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dc.contributor.advisorNewman-Ham, Debra Newman
dc.contributor.authorCorbett, Toya G.
dc.contributor.departmentHistory and Geographyen_US
dc.contributor.programDoctor of Philosophyen_US
dc.date.accessioned2018-04-27T14:55:52Z
dc.date.available2018-04-27T14:55:52Z
dc.date.issued2014
dc.description.abstractIn 1897, John H. Murphy, Sr. purchased the equipment and naming rights for the Afro-American newspaper in Baltimore, Maryland, for $200. Since that time, the Afro has served as a voice for the Black community, local, nationally and abroad and has been owned and operated by descendants of Murphy; establishing it as the oldest African American family owned publication in the country. The story that is not widely known is that John H. Murphy, Sr. received the money to acquire the paper from his wife, Martha Murphy. Family, Faith and Feminism: The Murphy Women, 1896-2000 focuses on Martha and four other women within the family who have not received the same recognition as their male counterparts for their contributions to society. Subsequently, this dissertation explores the impact of racism, sexism and classism on the social activism of the female members of the Murphy family, their participation in women's organizations, role in the newspaper business, and involvement in religious work. Utilizing a Black feminist lens, an analysis was conducted on the duel effects of race and gender by framing how women within the family attempted to resist systematic oppressive behaviors by defying traditional gender roles and combating racist elements imposed by the dominant hegemonic forces. Recognizing that the Murphy family is deeply rooted in the historiography of Black Baltimore, research was narrowed to focus on five specific women for this study: Martha Murphy, the wife of John H. Murphy, Sr.; Francis Louise Murphy, who established the Afro Clean Block Campaign; Vashti Turley Murphy, a founder of Delta Sigma Theta Sorority, Incorporated; Sister Constance Murphy, an Anglican nun; and Vashti Murphy McKenzie, the first elected female bishop of the African Methodist Episcopal Church. Their activism and everyday life experiences were placed within a historical context of the social conditions and circumstances present during certain political shifts such as the women's suffrage, clubwomen's and feminist movements which demonstrate how the intersection of race, class and gender specifically influenced the Murphy women's involvement in uplift activities, breaking down barriers within religious institutions, and civil rights.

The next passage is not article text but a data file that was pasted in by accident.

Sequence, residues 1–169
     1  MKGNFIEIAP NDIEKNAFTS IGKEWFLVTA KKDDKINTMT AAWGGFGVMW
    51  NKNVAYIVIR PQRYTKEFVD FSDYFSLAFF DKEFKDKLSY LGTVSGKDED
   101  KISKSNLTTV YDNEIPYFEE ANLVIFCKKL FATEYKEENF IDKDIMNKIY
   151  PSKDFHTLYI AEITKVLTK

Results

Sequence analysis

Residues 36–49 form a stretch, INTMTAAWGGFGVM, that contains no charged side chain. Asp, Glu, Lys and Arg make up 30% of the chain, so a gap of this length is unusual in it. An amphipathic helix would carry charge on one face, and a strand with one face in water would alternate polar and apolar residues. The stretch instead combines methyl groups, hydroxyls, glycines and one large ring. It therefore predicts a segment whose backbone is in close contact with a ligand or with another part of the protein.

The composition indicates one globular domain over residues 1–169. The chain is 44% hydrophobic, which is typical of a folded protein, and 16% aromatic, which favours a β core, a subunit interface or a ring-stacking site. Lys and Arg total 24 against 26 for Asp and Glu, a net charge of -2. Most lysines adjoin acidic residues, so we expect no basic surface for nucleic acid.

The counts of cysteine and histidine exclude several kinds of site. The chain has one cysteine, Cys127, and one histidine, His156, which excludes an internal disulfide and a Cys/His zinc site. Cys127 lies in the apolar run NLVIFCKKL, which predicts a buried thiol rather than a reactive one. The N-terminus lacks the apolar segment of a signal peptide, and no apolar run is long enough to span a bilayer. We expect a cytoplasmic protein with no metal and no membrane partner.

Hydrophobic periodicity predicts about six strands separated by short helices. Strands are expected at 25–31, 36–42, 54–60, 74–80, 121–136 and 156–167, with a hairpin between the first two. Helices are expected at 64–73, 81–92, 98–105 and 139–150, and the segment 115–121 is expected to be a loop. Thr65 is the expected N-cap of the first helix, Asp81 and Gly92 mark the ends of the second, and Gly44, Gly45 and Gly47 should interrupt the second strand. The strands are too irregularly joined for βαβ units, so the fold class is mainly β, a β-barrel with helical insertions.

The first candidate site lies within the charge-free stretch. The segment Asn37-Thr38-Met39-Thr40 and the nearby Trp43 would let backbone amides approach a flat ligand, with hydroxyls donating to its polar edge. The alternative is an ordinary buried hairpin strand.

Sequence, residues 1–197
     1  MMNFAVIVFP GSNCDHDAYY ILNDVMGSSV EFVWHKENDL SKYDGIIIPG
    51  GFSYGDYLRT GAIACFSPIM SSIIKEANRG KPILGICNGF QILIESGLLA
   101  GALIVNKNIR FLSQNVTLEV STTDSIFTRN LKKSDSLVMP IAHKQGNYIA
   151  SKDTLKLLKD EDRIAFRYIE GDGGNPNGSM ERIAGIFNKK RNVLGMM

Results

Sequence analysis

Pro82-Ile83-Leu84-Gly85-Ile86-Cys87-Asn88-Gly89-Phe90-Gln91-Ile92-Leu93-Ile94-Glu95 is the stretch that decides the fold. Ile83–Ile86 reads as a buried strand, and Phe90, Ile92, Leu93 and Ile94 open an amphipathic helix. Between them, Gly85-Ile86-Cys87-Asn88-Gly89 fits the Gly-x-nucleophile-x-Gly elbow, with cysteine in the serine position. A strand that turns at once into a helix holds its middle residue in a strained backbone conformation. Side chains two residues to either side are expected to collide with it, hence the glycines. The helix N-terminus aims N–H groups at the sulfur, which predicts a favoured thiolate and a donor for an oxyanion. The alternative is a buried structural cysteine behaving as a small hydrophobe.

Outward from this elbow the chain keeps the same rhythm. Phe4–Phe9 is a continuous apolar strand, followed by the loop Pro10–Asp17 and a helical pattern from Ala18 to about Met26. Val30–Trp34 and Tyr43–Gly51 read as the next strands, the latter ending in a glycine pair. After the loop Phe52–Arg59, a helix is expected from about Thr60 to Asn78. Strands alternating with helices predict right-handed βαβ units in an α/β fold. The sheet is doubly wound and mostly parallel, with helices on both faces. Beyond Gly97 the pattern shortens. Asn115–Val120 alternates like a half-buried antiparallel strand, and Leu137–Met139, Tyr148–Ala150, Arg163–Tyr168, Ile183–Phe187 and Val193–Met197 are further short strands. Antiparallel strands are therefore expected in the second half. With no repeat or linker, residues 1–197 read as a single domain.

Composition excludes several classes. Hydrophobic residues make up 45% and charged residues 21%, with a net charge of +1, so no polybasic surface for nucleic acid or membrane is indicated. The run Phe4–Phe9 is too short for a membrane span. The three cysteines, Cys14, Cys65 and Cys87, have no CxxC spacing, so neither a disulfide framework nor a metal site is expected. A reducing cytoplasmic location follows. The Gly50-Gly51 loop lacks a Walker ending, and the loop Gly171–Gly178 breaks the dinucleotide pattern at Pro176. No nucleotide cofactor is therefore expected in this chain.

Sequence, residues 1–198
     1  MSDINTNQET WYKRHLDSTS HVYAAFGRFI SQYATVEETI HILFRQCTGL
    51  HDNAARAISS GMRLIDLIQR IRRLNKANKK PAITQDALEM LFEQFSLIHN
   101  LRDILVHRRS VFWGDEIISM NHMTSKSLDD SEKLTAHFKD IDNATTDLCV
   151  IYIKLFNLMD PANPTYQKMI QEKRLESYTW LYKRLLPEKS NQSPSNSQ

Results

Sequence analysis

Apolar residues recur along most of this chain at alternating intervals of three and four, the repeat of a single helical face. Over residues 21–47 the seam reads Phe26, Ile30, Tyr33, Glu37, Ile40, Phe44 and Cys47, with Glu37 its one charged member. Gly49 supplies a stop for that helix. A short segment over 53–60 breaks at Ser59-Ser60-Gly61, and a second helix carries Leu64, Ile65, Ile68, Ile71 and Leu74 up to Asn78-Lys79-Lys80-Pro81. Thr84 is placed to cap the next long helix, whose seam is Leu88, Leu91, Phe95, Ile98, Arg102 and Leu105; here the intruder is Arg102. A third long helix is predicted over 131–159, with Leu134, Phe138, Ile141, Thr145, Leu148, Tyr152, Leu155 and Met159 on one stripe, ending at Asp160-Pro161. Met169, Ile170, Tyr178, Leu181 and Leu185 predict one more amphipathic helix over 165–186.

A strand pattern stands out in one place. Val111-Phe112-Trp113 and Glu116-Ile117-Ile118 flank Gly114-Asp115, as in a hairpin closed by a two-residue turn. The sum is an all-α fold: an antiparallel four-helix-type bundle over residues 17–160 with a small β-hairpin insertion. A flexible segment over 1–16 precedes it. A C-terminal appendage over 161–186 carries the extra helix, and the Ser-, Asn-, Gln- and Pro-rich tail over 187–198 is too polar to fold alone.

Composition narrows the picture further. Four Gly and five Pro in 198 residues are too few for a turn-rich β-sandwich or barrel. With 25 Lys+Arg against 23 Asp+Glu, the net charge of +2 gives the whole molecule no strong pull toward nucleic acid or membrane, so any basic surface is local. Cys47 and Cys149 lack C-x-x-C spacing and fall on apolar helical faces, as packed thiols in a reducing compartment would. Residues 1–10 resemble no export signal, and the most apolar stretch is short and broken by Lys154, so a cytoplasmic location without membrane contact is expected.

dc.genredissertations
dc.identifierdoi:10.13016/M26Q1SK5P
dc.identifier.urihttp://hdl.handle.net/11603/9882
dc.language.isoen
dc.relation.isAvailableAtMorgan State University
dc.rightsThis item is made available by Morgan State University for personal, educational, and research purposes in accordance with Title 17 of the U.S. Copyright Law. Other uses may require permission from the copyright owner.
dc.subjectAfrican American historyen_US
dc.subjectAfrican American studiesen_US
dc.subjectHistoryen_US
dc.titleFamily, Faith And Feminism: The Murphy Women, 1896-2000
dc.typeText


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